We’re approaching the six-month point in our two-and-a-half year French exodus. Some things have become automatic: Harvey doesn’t attempt to stand up in the aft cabin, the former domicile of the family of Dutch dwarves who originally lived on Hoop Doet Leven; Sandra hardly ever apologizes to the French for her French because they invariably reply that she speaks so well, or at least so much better than they speak English; chocolate croissants for breakfast every day are no longer a treat but are just what one has for breakfast, bien sur, and most of all, as did the world’s most sympathetic woman in A Streetcar Named Desire, we’ve come to rely on the kindness of strangers, French strangers.

Some things we miss. Family and friends, of course, but also bottomless cups of coffee, sitting at a table with friends for hour after hour as the waitress asks if we’d like just one more top-up and we nod, knowing we’ll pay the price for a dozen cups of coffee later that day, and night. Here in France, of course, you also spend hour after hour at a cafe table, observing and being observed, but the coffee cup holds fewer drops than are normally slopped over the rim into the saucer at home, and there are no refills, or even reorders, coffee is drunk as if it were rotgut whiskey at a cowboy saloon, one shot at a time. Harvey used to miss the Simpsons until they showed up on our French TV, with Homer sounding sophisticated in French, Bart as suave as usual, Crusty the Clown so, well, so French.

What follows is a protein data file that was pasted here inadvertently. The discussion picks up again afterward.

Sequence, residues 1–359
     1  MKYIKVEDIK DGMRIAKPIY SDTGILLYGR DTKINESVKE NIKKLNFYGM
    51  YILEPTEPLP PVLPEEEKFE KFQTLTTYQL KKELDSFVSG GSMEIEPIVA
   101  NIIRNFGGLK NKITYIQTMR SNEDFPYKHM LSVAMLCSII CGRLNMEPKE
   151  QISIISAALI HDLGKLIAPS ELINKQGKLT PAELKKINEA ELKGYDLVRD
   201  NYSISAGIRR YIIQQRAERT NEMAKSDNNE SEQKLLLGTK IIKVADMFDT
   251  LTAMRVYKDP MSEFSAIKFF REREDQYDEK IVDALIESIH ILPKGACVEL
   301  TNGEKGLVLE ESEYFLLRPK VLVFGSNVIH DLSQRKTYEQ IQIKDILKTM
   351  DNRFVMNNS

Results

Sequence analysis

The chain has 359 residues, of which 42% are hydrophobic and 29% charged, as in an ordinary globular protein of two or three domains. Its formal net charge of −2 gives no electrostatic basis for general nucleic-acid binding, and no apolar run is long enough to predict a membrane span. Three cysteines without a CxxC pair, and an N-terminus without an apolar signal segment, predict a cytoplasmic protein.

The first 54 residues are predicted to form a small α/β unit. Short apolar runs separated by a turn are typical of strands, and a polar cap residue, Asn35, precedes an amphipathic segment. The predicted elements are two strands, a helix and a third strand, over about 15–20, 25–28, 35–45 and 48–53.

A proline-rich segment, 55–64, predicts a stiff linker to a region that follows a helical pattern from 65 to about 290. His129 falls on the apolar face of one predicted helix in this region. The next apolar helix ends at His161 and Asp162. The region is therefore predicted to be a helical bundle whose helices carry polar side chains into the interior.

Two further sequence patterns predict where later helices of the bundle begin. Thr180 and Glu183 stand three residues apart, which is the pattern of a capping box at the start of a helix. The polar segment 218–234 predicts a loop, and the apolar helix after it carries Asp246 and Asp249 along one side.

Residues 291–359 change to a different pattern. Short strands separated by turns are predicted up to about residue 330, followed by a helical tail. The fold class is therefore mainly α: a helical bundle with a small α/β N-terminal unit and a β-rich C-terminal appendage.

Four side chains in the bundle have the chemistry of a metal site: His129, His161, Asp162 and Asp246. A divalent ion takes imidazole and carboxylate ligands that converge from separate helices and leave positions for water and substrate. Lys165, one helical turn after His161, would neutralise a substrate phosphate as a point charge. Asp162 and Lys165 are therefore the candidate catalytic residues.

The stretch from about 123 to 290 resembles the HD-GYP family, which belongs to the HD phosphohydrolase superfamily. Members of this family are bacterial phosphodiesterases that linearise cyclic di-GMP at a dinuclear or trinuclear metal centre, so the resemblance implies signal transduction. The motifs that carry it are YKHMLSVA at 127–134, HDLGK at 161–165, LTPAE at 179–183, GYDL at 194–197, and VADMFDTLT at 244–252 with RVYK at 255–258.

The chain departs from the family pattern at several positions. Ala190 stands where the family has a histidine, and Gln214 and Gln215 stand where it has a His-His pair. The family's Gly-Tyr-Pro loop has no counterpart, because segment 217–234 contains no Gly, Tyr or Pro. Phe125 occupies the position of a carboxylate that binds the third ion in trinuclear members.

Other things are just  strange, so bizarre in fact, that they never become ordinary. The boat came with a combination DVD and videocassette player – player only, no recording – and a hundred or so DVDs and videocassettes, including what seems to be the complete filmography of Bruce Willis (except for that wonderful TV detective series he did with Cybil Shepherd, Blue Moon). The switch from videocassettes to DVDs must have happened about the time Hoop Doet Leven crossed the English Channel from London to France, as the cassettes have United Kingdom copyright warnings and the DVDs French ones. The movies on cassette are all in English; the DVDs, sometimes, will play in English with French subtitles, sometimes the reverse. The copyright warnings are cultural barometers. We know the familiar U.S. warning, blaring in all caps FBI WARNING YOU WILL BE LOCKED BEHIND BARS FOREVER AND BECOME THE SEX SLAVE OF OUTLAW BIKERS IF YOU COPY THIS MOVIE, as if the FBI has SWAT teams of crack agents busting down suburban doors to arrest five-year-olds watching bootleg copies of My Little Mermaid VIII. The British warning is oh so much more polite, reminding you that making, buying, watching or even holding in your hand unauthorized copies hurts people and just should not be done.  The Brits add that the video is only for private use and commercial showing of this film is absolutely, totally, without question prohibited. Good enough and equally ineffective as siccing the FBI on you, but then the Brits get down to the details. Examples of locations at which this videocassette may not be played include, we are told, “offshore oil platforms” and “prisons.” Prisons? What did that British Film Board bureaucrat expect would happen, that the ax murderers, still-incarcerated Irish Republican Army bomb throwers, London Underground terrorists and Jack the Ripper rip offs herded into a darkened room atop the Tower of London, surrounded by truncheon-wielding prison guards, rattling their chains in a threatening rhythm demanding that Saving Nemo Part V start now, right this moment, that at the instant the warning about it being illegal to show this film in a prison appears the warden will smack his forehead in sudden comprehension and yank the film projector plug from the socket? It is a tossup whether the U.S. FBI warning or the oh so polite British list of locations at which this film may not be shown demonstrates the greater estrangement from reality.